Radio - Imagine that: civilised debate on radio is possible
Published 10/04/2016 | 02:30
I sort of stumbled upon Imagining Home (Radio 1, Sat-Sun 8pm), but was very glad I had. There I was, the first of those nights, doing something else entirely - pretending to understand Ulysses, I think - with the radio on low in the background.
Gradually, my ears picked up on the sounds emanating from the hi-fi. Said ears began to ferry said sounds to my Joyce-addled brain. Said brain belatedly realised it was coming in contact with something quite special. Eventually I gave Leopold Bloom the bum's rush to fully concentrate on the show.
Imagining Home is organised by, and broadcast live from, the National Concert Hall - a series of seven concerts (these were the final two) inspired by the Rising and Proclamation, which "speak of Ireland's cultural journey over the last 100 years, its place in the world today and its shared future".
I know - it sounds boring, worthy, self-important. All those aspirational, wishy-washy buzzwords: speak of, cultural journey, place in the world, shared future, as though someone had set one of those indescribably dull Irish Times columns (not Donald Clarke, he's good craic) to music. Not to mention the warning sirens of "Oh God, not more 1916!"
Thankfully I consumed the product before reading the bumpf, and it wasn't like that at all. It was great: a group of really talented people, performing for our pleasure and theirs. Everyone sounded like they were enjoying themselves.
A mixture of music and spoken word - and sometimes radical reinterpretations of material - the show featured brilliant artists (some unknown to me) like Judith Mok, Lisa O'Neill and Colm Mac Con Iomaire. I made sure to tune in the following night too: Olwen Fouéré, Martin Hayes and Dennis Cahill, Iarla Ó Lionaird and more.
I didn't love every minute or each act, but this was super: by turns moving, dreamy, inspirational, playful and thrilling. I even enjoyed the "half-time analysis" by Jim(s) Lockhart and Carroll.
Bobby Kerr, filling in on The Right Hook (Newstalk, Mon-Fri 4.30pm), hosted a very good, lengthy discussion on rural Ireland. Is it being left to wither on the vine by a Dublin-centric economic and political system? Most interesting was a debate between Dan O'Brien, chief economist at the Institute of International and European Affairs (and of this paper), and Independent Roscommon TD Michael Fitzmaurice.
Dan opened by clarifying that he wasn't anti-rural Ireland, but "challenging the notion that rural Ireland is dying". He didn't like "emotive expressions" that the recovery isn't going past the M50.
"In all available statistics," he said, "income, house sales, car sales: there's not much difference between rural and urban (and) no strong data evidence to suggest rural Ireland is not recovering as well."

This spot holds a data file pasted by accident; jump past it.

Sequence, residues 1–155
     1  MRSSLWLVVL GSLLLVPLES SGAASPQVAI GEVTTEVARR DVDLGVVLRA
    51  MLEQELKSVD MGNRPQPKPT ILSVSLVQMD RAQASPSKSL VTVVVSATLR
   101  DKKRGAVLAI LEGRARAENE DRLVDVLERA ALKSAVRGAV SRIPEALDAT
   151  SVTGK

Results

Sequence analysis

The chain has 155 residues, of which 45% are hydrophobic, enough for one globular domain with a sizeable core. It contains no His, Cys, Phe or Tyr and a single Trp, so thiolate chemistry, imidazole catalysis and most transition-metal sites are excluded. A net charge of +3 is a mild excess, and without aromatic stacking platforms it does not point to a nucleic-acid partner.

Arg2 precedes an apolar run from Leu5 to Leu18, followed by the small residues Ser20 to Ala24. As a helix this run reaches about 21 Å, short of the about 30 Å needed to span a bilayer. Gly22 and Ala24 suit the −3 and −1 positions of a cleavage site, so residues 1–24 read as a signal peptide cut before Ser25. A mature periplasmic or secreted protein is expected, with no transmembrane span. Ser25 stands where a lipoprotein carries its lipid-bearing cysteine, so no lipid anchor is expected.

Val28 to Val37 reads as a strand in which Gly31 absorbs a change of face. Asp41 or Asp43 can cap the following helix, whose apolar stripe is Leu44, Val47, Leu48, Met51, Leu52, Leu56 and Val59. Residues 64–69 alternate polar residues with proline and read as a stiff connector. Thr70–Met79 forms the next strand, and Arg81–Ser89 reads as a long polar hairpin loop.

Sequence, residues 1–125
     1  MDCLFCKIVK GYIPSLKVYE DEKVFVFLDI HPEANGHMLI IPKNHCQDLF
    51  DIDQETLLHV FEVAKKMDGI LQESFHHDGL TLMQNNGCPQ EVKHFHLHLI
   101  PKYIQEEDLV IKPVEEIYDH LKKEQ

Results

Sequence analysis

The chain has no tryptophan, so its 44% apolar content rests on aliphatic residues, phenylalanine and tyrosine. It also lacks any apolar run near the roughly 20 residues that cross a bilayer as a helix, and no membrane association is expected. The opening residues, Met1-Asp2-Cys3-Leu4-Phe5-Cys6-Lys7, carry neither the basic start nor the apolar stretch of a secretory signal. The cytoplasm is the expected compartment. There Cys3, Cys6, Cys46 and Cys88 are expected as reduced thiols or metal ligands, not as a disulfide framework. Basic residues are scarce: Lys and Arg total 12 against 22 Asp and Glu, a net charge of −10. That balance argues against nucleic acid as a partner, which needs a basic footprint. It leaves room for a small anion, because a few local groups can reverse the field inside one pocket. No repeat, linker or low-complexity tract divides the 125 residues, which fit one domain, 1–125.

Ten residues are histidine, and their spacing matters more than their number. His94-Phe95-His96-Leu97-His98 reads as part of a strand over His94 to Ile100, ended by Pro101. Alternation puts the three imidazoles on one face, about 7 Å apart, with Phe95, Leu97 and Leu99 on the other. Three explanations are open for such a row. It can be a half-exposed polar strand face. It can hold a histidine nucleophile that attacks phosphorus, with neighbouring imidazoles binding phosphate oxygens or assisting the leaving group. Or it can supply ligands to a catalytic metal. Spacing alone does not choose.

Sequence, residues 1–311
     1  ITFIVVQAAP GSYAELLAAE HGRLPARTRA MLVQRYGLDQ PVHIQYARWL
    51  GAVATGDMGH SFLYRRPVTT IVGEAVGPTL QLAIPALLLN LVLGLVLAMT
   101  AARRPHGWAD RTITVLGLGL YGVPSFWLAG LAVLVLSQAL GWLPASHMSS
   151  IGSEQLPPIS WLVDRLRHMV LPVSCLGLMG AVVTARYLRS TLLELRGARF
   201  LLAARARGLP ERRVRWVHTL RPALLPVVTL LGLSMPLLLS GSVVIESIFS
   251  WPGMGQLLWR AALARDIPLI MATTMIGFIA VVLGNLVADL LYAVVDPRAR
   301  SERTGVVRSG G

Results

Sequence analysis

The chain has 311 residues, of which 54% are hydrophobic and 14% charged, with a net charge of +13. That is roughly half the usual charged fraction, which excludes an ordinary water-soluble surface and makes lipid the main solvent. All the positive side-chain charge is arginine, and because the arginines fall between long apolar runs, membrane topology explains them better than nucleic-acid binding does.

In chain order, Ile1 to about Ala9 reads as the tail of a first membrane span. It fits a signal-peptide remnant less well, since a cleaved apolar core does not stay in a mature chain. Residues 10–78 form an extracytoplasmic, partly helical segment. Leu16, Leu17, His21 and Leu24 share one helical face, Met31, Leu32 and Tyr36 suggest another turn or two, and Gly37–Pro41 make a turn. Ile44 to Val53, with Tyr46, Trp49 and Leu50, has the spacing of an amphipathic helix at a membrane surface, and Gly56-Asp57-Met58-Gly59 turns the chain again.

Also, a new poll showed no urban/rural difference in whether people feel they're better or worse off now. He concluded that, while in favour of the welfare state, social solidarity and the redistribution of wealth from urban to rural: "We need to make a strong case for it, based on the facts."
Michael spoke more in generalities (which is fair enough - I don't mean that as a negative). In his experience, farmer incomes are way down, there's little public transport in rural Ireland, broadband is poor, people must undergo long and potentially life-threatening drives to hospital. The two men agreed, meanwhile, that some parts of both rural and urban Ireland are very neglected.
A civilised discussion, overall, two opposing viewpoints presented with strong commitment but also respect for the other side and an acknowledgment that these things are complicated. If only all radio debate could be so.
To end, a bow of the head to mark the imminent passing of TXFM. The Dublin-based alternative rock station has been struggling financially for a few years; restructuring and rebranding (from its original Phantom FM incarnation) haven't worked; now its owners will not reapply for the broadcasting license once it expires this autumn.
Sad news, really. Music radio is more homogenised than ever (though this has always been the way to some extent, certainly as long as I remember), and TXFM at least offered something different. That still can be found on individual shows, but no longer station-wide.
I've always had a soft spot for them, possibly because they were kind enough (as Phantom) to interview me when my first book came out in 2007. When you're as far down the literary ladder as I am - fallen off it, essentially - you appreciate these things. But not enough people had that soft spot, I guess; listenership figures don't lie, and are inescapable.
It's funny, really: whenever a business goes bust, social media is flooded with fond regrets and "oh what a shame" and so on. Forgetting, of course, that after-the-fact expressions of solidarity or regret are useless; people have to support a business for it to survive, in this case by tuning in. TX should have marked the spot on their dial.